Bollywood may be the buzz word for the Indian film industry, but bolder themes and corporate funding are signalling a rebirth for regional cinema in the country.
The Mumbai film industry, home to Bollywood, had been the face of commercial Indian cinema for several decades, relegating non-Hindi films to the sidelines. Not any more. Films made in Marathi, Punjabi and Bengali languages are increasingly wooing mainstream audiences, aided by funding from studios rushing to cash in on untapped markets.
"Yes, budgets have gone up, and so has the way that our films are marketed and promoted, because a corporate studio has that much more power, which in turn brings in more audiences," says Mahesh Manjrekar, a former Bollywood filmmaker who now directs Marathi films.
Manjrekar's latest film, about the plight of mill workers in Mumbai, was made at a budget of 60 million rupees (1.35 million USD), an amount unheard of for a regional film. It opened in cinemas last week.
"I think regional cinema now has the money, and it also has much bolder themes, many more people willing to experiment," said Manjrekar, who also had a small part in Danny Boyle's Oscar-winning Slumdog Millionaire.
Increased multiplex penetration, organised funding, digitisation of single-screen theatres and an improvement in production quality are some key factors that could drive growth in regional cinema, consultancy KPMG noted in a recent report.
"Over the last few years, the share of Hindi films to the overall films certified has declined," and the regional film industry "stands at the threshold" of an opportunity to convert its increasing recognition into higher revenues and acceptance. Experts say with the right marketing and content, mainstream audiences would be drawn towards regional cinema, which is estimated to be a billion dollar industry.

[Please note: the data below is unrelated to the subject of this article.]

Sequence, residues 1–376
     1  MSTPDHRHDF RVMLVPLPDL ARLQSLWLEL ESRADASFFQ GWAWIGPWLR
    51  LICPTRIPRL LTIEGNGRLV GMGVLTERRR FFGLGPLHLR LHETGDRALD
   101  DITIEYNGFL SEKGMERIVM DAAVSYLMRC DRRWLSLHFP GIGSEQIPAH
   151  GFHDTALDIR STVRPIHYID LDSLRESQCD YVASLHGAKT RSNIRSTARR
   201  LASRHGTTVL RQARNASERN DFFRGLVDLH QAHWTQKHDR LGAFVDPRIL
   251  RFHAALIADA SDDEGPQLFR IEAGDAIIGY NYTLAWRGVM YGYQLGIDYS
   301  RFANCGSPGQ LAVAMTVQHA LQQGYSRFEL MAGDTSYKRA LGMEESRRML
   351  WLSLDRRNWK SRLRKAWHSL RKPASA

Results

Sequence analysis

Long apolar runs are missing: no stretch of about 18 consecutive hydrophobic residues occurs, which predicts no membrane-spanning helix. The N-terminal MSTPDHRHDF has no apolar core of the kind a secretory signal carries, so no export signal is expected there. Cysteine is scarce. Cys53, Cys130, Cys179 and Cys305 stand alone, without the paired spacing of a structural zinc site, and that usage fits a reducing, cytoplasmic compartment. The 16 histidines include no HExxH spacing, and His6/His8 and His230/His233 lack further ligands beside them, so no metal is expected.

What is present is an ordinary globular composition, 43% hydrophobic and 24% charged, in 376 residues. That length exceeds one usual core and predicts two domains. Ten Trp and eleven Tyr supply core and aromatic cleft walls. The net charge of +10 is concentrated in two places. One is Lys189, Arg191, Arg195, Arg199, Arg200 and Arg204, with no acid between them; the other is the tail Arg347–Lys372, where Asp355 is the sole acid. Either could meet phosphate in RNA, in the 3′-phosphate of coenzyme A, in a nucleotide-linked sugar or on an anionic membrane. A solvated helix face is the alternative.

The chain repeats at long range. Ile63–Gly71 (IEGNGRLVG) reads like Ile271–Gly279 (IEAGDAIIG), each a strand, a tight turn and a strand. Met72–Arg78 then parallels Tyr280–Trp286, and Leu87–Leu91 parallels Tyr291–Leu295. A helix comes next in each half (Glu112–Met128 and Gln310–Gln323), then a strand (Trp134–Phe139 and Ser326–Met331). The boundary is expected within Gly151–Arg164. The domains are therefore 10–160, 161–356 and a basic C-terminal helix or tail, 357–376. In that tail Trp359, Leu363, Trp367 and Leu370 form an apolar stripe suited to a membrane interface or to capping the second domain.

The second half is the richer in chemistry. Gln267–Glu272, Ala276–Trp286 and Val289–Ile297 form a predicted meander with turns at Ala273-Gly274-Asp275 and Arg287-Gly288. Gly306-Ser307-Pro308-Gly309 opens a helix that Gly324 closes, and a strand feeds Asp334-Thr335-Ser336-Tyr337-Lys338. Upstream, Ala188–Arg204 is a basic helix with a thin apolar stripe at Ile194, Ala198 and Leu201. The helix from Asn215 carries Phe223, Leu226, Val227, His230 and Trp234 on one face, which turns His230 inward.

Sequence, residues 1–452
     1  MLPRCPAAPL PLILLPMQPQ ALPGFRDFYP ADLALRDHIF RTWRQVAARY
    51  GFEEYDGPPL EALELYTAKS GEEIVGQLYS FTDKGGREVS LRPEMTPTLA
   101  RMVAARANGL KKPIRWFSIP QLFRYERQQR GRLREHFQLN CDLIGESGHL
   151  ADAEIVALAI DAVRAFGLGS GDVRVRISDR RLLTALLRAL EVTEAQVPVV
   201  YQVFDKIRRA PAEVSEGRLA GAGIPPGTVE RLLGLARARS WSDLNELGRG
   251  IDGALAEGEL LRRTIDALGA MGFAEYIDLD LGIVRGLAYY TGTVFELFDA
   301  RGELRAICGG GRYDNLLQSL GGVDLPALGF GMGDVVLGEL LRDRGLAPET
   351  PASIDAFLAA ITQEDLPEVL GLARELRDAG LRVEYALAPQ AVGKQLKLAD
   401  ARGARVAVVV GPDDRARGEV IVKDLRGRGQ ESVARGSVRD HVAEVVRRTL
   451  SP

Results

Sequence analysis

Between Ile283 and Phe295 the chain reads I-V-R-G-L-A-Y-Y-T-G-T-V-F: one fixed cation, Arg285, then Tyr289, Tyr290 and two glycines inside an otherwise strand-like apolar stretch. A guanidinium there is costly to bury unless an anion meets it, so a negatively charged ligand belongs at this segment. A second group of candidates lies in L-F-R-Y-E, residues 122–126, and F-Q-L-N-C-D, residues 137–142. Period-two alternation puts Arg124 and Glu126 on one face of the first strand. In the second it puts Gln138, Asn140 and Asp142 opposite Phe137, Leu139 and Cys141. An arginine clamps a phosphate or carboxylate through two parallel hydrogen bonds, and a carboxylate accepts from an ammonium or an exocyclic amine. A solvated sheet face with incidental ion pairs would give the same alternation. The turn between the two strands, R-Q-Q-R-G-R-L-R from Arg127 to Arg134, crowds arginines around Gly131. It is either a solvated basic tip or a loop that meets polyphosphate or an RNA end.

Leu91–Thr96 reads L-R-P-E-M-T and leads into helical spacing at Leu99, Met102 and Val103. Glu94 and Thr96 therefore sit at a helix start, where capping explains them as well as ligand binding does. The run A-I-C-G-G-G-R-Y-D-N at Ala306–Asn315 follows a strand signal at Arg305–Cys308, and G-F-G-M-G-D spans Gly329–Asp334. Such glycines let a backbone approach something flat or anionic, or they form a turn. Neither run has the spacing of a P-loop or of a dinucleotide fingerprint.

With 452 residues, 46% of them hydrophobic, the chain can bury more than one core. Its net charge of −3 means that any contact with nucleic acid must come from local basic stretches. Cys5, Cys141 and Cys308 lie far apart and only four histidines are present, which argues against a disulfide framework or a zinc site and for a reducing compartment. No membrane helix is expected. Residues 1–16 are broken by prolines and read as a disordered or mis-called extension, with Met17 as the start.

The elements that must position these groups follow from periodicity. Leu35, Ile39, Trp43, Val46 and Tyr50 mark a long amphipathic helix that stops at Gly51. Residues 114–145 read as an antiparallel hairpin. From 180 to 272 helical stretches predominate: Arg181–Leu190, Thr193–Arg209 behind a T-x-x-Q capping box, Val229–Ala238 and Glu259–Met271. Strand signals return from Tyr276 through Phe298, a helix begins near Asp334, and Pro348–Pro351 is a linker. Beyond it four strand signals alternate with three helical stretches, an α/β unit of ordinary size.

Corporate studios like Eros International and the Anil Ambani-owned Reliance Big Pictures are looking to capture this market, especially in southern India where local film stars rival Bollywood actors in popularity.
"Of course, we want to concentrate on the south, but we have found that even films in other languages, if marketed and presented well, do form a very viable opportunity," says Mahesh Ramanathan of Reliance Big Pictures, which has more than five regional films on its slate this year.
Bolstered by this new found confidence and bigger budgets, many filmmakers are experimenting with newer themes. Some of these projects are drawing rave reviews and even being screened at film festivals globally.
India's entry to this year's Academy Awards in the Best Foreign Language Film category was a little known Marathi film Harishchandrachi Factory about the making of the first Indian movie in the early 20th century. The film was picked by UTV Motion Pictures, one of the country's biggest production houses, for distribution and was a box-office success.
But trade analysts warn it may be premature to celebrate the revival of regional cinema. "South Indian films are the only ones which can make a substantial profit so far, mainly owing to the huge star power that their actors enjoy," said Vajir Singh, executive editor at Box Office India magazine. "The rest are still catching up but due to the rise in the number of regional channels and single- screen theatres showing regional films, avenues for monetisation are far more than they were before," he added.